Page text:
28 thoughts on “On a Track…Maybe the Right One?”

  1. just pick a track any track, take ya chances 🙂 I am glad you have something you are trying though and who knows let’s hope this IS the golden ticket!! P’s face when he was left in was hilarious. Remus would be like. HAY no problem i can stay in for days. HA.

    And yes I would let Trainer B jump him first. Why?? because not only do you NOT get killed but you can see from the ground how his hocks are doing.

    FINGERS EYES TOES AND SO ON CROSSED FOR YA!

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    1. Oh B will definitely get to. We’ve already discussed it 😂 Of course the real test is will he jump when I’m on him, but the first couple times I’d rather B be the one.

      One thing I love about P is his easy-goingness. He was a little concerned when everyone else was out and he wasn’t, then sort did the horse version of a shrug and went back to his hay. He’s sooo disgusting in his stall, though, BO definitely can’t wait to throw him outside.

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  2. hopefully you see a big difference! a lot of horses compensate through their whole bodies, especially in their backs, when their hocks are so sore. honestly i’m pretty sure that was a big piece of the puzzle with isabel when she started quitting on me, but i was never able to secure permission to proceed with a lameness eval + flexions.

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    1. That’s crazy that the owner didn’t want you to get her checked out. I’m glad I decided to go with this vet and not just give P away to a random stranger (which was definitely a possibility last month). The diagnosis definitely explains the behavior and I can’t tell you how much I hope this will “cure” it, even though it’s hard to admit that.

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  3. hm that is INTERESTING… and he didn’t flex on the hocks at all before? or maybe his whole hind end was so botched he was equally lame everywhere lol. will wonders never cease.

    i def rode a horse that had arthritis in the hocks and would put the brakes on with absolutely no warning until we injected them. i think it’s smart that you just did the hocks for now and waited on the SIs…. maybe he’ll just need one!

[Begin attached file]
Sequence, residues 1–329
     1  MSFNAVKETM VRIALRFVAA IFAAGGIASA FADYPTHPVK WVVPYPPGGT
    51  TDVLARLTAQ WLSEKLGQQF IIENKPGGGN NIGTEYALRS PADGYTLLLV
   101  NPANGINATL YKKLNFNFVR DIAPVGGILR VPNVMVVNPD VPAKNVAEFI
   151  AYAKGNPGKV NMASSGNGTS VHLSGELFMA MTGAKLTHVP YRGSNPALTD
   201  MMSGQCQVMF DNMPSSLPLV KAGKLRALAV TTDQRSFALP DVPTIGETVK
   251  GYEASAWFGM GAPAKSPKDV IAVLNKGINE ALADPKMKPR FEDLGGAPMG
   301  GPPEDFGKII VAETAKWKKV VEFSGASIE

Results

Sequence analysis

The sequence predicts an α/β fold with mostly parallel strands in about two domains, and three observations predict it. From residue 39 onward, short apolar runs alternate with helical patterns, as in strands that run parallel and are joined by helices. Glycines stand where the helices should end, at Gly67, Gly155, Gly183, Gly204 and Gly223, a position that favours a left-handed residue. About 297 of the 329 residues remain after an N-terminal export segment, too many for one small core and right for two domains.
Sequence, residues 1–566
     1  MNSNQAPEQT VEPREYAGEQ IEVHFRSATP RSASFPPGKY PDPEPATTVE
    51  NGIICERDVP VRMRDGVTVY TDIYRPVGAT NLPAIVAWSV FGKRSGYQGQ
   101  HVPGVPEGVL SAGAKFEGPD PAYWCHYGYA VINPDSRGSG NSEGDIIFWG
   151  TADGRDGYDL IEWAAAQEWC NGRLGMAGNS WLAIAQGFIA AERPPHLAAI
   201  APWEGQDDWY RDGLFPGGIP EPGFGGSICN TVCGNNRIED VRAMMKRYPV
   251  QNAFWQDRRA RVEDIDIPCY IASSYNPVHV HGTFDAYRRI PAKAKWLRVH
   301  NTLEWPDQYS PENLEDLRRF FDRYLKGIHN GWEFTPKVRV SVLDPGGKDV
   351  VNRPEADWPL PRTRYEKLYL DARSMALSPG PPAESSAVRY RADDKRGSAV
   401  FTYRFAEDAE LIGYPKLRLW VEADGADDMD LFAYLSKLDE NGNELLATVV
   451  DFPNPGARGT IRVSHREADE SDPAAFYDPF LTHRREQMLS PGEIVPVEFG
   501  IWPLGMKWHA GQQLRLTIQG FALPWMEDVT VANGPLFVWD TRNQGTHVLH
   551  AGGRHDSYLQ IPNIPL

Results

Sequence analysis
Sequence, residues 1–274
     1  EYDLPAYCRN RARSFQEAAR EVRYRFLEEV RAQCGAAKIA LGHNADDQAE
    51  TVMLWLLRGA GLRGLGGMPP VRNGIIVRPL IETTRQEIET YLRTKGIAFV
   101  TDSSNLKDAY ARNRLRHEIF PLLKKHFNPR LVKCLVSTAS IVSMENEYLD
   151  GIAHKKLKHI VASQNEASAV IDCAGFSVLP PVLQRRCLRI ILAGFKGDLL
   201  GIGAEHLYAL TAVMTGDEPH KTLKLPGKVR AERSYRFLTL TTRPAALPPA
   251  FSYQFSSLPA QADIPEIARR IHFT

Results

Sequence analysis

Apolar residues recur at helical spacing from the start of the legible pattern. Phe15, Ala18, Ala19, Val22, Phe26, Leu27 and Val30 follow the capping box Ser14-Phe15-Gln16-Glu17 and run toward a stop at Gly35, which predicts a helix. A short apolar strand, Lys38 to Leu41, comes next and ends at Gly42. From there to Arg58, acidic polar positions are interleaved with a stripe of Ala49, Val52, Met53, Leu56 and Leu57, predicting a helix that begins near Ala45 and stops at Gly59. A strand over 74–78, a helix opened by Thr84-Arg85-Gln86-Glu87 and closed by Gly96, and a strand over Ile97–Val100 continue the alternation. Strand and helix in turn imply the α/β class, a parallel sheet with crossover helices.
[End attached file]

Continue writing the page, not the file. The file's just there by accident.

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    1. I asked about that- the vet said that’s why she wanted to give him the 2 weeks off and the meds. He was so wonky and body sore everywhere she had no idea where to even start before.

      He was definitely still sore in the SI area. But he was more sore in the hocks. And since hock soreness can cause SI pain, she thinks that by treating the hocks, the SI pain should lessen. And if it doesn’t then he’ll get the SI injected.

      My wallet seriously hopes the hock injections take care of all of it! 😂

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  4. Fingers crossed!

    All this stuff is super interesting, especially how the body compensates. We went to a lecture recently on subtle lameness in sports horses and the vet said that so often back soreness is related to hind end lameness. That’s why I took Coolie to the vet. Since he had his hocks done I have noticed a HUGE improvement. It has taken a while for the rest of his body soreness to work it’s way out though. Here’s hoping you have as much success as I did.

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    1. I hope so! I’m glad it worked for C and good to hear there’s some hope that it really could be the fix.

      It all makes sense, though. I’m always riding him and not watching from the ground, so I didn’t realize how strangely he was traveling. But watching him jog off, you could see him circling his legs out and around instead of bending them. I could totally see how that would cause soreness elsewhere